Before I left, I was informed that JoAnn, my boss, had finally been appointed to the position she'd unofficially held since last year. Of course the news would come down when she was out for three weeks for medical reasons.
I have yet to figure out what her promotion means for me, but a coworker advised that I make it clear that I want to go wherever JoAnn goes.
After work, I went over to William's dorm room to help him pack. We hung out with Grant, his roommate, and -- as has become tradition -- I grilled him on embarassing, overly personal aspects of his life.
He's been with his current girlfriend for 10 months, and they've been considering cohabitation. As a cohabitator emeritus, I gave him as much guidance as I could.
I said that while I would not do a thing differently given the chance -- and that's including the typhoon that has been the last 12 months -- Grant should most definitely enjoy the freedoms and (occasionally frustrating) peculiarities of student life.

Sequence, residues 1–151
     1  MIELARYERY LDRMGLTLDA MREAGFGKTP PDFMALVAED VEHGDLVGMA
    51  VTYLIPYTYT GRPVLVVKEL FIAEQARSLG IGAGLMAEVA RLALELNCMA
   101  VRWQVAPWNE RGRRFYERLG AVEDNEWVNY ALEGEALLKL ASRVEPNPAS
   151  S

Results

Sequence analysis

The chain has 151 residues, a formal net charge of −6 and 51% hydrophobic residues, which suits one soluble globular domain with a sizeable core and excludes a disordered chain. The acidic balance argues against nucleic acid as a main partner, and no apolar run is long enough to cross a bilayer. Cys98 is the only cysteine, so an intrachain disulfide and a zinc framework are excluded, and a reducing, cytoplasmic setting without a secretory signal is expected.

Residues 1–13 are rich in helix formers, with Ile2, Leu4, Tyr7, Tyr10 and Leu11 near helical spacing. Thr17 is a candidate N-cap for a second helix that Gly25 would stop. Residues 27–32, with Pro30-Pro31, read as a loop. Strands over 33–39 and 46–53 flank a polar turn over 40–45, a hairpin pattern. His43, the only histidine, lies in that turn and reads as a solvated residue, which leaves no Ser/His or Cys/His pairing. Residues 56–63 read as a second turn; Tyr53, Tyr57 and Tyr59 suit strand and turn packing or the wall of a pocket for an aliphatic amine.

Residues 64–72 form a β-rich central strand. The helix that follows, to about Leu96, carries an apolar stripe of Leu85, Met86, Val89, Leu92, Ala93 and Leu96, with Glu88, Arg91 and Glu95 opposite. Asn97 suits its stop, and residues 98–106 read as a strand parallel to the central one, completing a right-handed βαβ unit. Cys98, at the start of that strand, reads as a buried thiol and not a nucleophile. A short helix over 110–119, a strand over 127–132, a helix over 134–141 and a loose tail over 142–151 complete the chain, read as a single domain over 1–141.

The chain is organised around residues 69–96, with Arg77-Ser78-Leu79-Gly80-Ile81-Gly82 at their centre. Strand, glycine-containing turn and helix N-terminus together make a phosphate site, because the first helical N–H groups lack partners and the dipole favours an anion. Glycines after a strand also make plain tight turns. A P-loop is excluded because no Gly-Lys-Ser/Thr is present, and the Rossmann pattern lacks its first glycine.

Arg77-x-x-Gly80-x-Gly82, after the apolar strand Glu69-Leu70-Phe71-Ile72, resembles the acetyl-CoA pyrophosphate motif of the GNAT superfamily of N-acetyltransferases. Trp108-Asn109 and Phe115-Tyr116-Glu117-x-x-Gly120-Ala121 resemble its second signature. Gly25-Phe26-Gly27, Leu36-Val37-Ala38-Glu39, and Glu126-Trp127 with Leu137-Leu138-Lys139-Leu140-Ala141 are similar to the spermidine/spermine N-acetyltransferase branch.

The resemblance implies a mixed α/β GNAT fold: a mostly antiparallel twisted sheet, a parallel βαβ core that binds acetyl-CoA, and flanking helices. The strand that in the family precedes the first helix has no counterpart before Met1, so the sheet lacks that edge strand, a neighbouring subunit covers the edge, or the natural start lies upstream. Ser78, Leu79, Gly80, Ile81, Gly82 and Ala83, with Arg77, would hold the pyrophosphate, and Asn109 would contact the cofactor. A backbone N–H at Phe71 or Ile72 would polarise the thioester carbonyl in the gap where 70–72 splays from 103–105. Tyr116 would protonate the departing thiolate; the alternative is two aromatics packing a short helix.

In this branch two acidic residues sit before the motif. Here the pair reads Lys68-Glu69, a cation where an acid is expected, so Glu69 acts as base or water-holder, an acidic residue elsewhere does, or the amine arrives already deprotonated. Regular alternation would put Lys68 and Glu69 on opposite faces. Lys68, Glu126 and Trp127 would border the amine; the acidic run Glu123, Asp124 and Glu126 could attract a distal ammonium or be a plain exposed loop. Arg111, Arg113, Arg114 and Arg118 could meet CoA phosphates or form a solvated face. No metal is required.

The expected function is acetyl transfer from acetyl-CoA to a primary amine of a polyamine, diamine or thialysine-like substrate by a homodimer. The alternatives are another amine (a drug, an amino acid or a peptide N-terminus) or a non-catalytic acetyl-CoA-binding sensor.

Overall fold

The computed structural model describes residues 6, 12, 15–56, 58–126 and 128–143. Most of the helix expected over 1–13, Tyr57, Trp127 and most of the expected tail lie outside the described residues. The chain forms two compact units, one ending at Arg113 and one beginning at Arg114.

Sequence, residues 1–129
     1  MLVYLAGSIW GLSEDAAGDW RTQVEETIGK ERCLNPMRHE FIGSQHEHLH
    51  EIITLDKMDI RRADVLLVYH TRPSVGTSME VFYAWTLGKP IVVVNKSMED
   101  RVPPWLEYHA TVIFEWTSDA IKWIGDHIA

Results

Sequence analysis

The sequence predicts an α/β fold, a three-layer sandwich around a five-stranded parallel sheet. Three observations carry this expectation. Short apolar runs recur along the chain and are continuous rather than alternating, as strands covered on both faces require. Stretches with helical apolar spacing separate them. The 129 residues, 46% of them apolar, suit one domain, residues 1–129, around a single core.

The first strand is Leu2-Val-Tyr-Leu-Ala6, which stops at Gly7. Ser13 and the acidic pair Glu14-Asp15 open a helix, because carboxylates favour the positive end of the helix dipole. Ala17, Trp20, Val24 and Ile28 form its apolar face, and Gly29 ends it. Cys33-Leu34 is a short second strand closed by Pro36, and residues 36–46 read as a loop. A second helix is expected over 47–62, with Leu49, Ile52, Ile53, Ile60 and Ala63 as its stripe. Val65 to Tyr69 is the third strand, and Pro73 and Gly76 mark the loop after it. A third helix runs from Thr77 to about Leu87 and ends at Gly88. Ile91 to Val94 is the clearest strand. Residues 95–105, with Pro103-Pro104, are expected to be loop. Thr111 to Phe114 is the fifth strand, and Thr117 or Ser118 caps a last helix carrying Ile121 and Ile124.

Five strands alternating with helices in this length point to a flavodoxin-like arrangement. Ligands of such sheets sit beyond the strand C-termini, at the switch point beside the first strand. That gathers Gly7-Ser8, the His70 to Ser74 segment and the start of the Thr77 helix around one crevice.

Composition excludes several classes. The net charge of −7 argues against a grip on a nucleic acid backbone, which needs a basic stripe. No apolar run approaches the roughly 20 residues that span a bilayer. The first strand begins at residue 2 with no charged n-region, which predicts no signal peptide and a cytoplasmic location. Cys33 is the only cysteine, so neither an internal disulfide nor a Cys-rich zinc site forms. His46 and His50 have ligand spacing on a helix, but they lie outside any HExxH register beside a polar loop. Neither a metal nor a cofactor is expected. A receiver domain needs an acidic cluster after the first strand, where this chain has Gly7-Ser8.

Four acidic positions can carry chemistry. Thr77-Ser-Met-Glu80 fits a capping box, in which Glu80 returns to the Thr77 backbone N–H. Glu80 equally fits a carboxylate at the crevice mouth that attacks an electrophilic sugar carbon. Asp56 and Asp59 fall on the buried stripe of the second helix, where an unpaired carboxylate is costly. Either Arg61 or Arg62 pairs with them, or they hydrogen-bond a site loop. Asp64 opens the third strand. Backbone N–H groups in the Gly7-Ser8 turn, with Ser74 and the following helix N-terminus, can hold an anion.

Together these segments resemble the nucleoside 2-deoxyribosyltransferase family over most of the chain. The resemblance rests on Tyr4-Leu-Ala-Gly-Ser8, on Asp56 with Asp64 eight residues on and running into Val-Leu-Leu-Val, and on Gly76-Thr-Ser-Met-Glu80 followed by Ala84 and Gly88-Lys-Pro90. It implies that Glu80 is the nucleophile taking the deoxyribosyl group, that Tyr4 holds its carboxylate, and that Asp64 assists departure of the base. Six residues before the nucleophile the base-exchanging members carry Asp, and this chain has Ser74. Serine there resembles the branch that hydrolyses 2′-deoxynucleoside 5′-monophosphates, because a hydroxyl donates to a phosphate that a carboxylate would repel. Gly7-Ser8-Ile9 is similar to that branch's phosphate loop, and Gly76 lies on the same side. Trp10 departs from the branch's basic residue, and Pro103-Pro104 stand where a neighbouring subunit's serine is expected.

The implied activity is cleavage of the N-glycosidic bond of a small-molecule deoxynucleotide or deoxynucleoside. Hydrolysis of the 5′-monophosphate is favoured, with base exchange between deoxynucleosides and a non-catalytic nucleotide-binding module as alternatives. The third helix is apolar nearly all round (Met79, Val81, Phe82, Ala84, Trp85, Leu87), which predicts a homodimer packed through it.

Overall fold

I sure I know I'm going to miss it.
When we went to pick up Jen at Tower, dad and Gayle were also there to meet Eathan, my stepbrother, who's car had stranded him at Kahala Mall less than a day after he returned from his first semester at the University of Washington.
Gayle and I talked about the latest developments, while dad put Jen through her paces trying to find a Willie K and Amy Gilliam duet he'd heard on the radio. Gayle then mentioned that she was interested in perhaps giving her new program (under the state Dept. of Education) a web presence.
Of course I have little chance at landing the job, even if it was created. But it was nice of her to say she thinks of me any time a coworker mentions the internet.
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|© Ryan Kawailani Ozawa · E-Mail: firstname.lastname@example.org · Created: 19 December 1997 · Last Modified: 21 December 1997|